Published Now and Again for Business Users of Microsoft Excel.
Get Office 12 Beta
+ Fight Excel Errors
Wednesday, May 24, 2006
If you like this newsletter, please forward it to
other Excel users.
The public beta of Office 2007 now is available. I've just started to
download the program. You can do the same by going to this link:
3 zillion people are trying to download the program this week, which is causing a major
traffic jam on the Microsoft servers. The first few times I tried to download I
was told to come back later. But much to my surprise, I've just managed to
According to the download dialog box, the Office 2007 install file is
440 megabytes and should take nearly three hours to download using DSL.
If you wish, you also can pay $4.95 to receive the beta by mail. The link
above offers you this option as well.
Warning, if you choose to
install the beta, make sure that you DON'T erase your current version of Office.
Fighting Spreadsheet Hell
Spreadsheet Hell comes in many forms, and has many causes. But certainly,
this is one common aspect of the problem: You pull a large file into Excel and
then sort, filter, consolidate, and transform it to generate the view of the
data you want to report or analyze.
Worse, after the first report is finished you must generate other similar
reports. Typically, these are for other regions, or product lines, or
departments, or managers, or whatever.
PivotTables sometimes can simplify this process. But unfortunately, the data
frequently needs more help than PivotTables can offer.
Another approach that
often works is to maintain your data in a spreadsheet database then use Excel
formulas to return the data to your reports and analyses. This approach lets your formulas do
In How to Fight Spreadsheet Hell With Three Excel Functions,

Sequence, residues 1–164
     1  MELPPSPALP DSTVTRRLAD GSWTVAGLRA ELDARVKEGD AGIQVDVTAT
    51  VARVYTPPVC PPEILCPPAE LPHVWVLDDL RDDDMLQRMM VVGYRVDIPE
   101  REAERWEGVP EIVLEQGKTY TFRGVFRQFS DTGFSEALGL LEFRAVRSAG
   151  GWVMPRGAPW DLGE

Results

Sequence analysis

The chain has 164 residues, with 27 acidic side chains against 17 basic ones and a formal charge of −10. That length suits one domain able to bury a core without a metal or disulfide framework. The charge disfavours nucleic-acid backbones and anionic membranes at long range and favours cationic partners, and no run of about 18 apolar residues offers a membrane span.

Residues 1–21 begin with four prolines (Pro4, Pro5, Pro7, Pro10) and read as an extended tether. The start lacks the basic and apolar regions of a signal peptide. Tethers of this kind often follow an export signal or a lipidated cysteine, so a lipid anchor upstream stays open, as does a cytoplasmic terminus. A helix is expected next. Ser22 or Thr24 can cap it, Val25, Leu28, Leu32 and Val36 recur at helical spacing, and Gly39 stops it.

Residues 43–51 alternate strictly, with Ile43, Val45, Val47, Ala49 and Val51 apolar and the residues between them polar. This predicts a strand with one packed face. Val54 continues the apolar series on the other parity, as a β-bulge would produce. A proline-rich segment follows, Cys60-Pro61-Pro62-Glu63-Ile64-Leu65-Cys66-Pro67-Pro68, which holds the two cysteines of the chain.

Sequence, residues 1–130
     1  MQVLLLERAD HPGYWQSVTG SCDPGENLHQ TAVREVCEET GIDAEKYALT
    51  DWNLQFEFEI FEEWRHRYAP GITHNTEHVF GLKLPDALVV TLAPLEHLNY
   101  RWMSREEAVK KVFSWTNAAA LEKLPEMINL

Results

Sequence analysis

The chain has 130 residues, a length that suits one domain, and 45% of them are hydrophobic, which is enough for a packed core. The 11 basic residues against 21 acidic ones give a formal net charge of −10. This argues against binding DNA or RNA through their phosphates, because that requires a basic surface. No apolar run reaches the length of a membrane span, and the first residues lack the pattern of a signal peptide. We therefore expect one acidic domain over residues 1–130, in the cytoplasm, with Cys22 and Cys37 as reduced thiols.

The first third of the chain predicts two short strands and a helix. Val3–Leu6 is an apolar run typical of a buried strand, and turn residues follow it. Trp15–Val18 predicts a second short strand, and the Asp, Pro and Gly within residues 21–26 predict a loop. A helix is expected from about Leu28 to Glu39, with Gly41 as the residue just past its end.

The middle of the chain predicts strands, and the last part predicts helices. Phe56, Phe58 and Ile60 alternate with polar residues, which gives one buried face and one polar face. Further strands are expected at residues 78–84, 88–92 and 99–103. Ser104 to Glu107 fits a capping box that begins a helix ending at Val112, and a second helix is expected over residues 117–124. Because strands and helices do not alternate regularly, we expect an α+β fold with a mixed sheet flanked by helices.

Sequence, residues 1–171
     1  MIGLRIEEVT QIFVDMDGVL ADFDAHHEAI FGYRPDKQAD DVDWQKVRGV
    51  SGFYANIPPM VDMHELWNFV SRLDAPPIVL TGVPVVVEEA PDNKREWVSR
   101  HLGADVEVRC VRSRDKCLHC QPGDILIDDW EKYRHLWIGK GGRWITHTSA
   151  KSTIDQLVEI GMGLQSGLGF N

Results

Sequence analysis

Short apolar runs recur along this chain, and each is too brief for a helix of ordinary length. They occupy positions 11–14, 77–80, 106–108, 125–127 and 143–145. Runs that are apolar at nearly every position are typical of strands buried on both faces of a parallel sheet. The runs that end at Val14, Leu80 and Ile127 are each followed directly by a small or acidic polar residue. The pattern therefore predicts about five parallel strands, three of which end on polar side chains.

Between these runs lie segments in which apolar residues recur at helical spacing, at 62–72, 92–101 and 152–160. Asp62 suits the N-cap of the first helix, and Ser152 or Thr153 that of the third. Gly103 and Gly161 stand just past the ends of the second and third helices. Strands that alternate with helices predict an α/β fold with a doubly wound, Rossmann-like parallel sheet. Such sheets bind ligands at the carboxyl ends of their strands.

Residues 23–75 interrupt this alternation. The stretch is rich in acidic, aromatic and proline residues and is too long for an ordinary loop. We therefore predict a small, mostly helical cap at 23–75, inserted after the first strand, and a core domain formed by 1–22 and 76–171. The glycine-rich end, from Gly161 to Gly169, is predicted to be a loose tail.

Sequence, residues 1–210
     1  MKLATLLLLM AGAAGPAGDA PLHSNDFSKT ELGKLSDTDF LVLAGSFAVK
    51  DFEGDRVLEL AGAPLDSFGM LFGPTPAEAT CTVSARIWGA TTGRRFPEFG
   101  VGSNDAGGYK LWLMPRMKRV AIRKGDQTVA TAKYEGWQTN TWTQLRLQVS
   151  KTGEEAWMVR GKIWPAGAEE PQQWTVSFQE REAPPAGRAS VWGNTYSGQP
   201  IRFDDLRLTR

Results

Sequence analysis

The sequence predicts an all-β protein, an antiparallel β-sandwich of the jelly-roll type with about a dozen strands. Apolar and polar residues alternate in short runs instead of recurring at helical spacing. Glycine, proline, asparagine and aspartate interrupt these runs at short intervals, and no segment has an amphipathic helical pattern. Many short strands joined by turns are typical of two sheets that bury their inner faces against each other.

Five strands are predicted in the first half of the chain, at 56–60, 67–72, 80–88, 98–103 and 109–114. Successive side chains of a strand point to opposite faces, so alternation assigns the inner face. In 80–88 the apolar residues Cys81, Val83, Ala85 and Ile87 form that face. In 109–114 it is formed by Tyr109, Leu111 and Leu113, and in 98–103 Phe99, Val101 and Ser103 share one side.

I explain how to use the MATCH, INDEX, and OFFSET functions to return data from
such a database. Intermediate and advanced Excel users rely on the INDEX-MATCH
combination extensively for reporting. If you haven't used it before, you may be
Using INDEX with OFFSET is less common. But OFFSET
provides power that INDEX doesn't. By keeping all three of thee functions in your Excel
user's toolkit, you have a better chance of fighting Spreadsheet Hell.
Avoid Excel Errors
In Seven Ways to Avoid Errors In Excel Reports & Analyses I
take a small step on a very long journey. There are likely dozens -- perhaps
hundreds -- of excellent ways to avoid spreadsheet errors. But every journey
begins with the first step.
In this article, I tried to offer practical ideas about a wide variety of
techniques. The way you organize your workbook can reduce errors. Saving
generations of your workbook can reduce errors during the development process.
You even can use a line chart to quickly find unusual results in a data series.
And so on.
As I write in the article, I would be interested to know your
thoughts about ways to reduce errors.
This year, I've given more seminars about Excel than I have in the past ten
years combined. Additionally, I plan to offer seminars in cooperation with other
people who have special knowledge about some aspect of Excel.
Enough for now.